In January next year, Ben Bernanke’s term as chair of the Federal Reserve Board will end. Janet Yellen has been nominated to replace him, and her confirmation appears to be a certainty. Investors are wondering if the Fed’s accommodative monetary policy will continue and from the look of things it should. Yellen has long been a supporter of the Fed’s practice of quantitative easing, known as QE.
Quantitative easing consists of buying bonds and mortgage-backed securities from the marketplace and holding them on the Fed’s balance sheet. We are currently on our third round of QE. The first two rounds had specific termination dates. This round does not have an end date and could go on indefinitely.
Right now the Fed is buying $85 billion per month in bonds, and a lot of that money finds its way into the stock market. Talks of tapering the QE program have resulted in stock market sell offs.
This round of QE does not have a termination date, so the decision to discontinue the policy will depend on the economy. The Fed is looking for the unemployment rate to get down below 6.5 percent, wants to see inflation running at about 2 percent and wants to see GDP growth.
Bernanke has reminded us several times that the economic numbers they’re looking at are not triggers, they are thresholds. In other words, there won’t be an automatic decision made to taper the easing if the unemployment rate drops below 6.5 percent, but they’ll consider that in addition to other economic factors.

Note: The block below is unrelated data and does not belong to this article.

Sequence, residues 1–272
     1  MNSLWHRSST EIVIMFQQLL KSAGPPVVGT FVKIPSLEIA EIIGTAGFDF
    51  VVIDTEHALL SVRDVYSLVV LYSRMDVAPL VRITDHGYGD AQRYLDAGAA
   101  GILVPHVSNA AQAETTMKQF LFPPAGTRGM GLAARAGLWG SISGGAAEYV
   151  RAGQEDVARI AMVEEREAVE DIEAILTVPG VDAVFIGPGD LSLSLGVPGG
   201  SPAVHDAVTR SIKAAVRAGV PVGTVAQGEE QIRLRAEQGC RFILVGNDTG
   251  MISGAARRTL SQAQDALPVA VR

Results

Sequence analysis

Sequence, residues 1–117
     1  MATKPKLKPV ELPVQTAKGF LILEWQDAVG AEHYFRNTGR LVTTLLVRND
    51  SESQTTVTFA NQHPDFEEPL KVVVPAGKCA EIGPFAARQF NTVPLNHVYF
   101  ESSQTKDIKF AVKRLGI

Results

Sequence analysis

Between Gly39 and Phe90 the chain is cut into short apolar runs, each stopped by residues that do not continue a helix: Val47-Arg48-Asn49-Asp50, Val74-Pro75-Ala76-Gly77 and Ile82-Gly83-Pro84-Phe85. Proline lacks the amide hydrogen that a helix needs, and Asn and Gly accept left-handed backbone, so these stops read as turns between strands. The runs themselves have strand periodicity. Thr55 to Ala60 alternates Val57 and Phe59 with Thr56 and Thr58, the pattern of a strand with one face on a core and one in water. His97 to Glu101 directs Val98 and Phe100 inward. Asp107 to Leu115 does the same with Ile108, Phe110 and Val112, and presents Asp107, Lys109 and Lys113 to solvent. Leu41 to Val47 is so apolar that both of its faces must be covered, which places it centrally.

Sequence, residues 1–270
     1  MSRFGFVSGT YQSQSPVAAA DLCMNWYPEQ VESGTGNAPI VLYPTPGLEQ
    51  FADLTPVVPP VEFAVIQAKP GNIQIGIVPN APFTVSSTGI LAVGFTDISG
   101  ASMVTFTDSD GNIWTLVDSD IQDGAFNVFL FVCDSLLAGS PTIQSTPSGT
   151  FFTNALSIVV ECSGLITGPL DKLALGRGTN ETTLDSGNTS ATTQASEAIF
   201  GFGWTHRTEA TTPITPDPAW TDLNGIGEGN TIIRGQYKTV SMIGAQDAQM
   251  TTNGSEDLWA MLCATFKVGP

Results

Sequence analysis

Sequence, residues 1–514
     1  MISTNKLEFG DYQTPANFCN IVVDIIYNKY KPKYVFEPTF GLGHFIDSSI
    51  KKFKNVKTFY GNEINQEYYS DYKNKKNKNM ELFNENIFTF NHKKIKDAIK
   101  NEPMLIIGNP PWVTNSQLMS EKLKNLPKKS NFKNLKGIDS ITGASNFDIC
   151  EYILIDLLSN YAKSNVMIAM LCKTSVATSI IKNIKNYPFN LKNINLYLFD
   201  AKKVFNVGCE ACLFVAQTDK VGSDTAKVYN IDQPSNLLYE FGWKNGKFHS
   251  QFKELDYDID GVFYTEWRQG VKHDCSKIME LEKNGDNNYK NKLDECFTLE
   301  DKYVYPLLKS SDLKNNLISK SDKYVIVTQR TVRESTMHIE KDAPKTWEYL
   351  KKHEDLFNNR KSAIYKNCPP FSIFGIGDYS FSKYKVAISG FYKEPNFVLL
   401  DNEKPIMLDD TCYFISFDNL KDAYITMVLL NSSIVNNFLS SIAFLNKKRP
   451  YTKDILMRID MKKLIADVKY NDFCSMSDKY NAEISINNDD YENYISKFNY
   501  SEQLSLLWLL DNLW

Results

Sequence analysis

Some people are saying that the stock market is running on QE and that the Fed can’t stop the program without hurting the market, that in fact we have become addicted to QE. QE is has certainly been a factor behind the stock market’s strong performance recently, but it is not the only force driving the markets.
So, the question many investors are asking is whether or not the change of leadership at the Fed will have adverse impact on stocks — the short answer is that under Yellen’s leadership, we’re likely to see a continuation of Bernanke’s policies of an accommodative monetary policy.
In recent testimony to Congress, Bernanke said that he thought the Fed was doing all it could for the economy in terms of monetary policy, but now it was up to Congress to address the nation’s fiscal issues. Given Congress’ record of getting things done lately, there really shouldn’t be anything to worry about.
Kenneth Roberts is a Truckee-based Registered Investment Advisor. Information on his money management service can be found at his blog at www.sellacalloption.com or by calling 775-657-8065. Past performance does not guarantee future results. Consult your financial adviser before purchasing any security.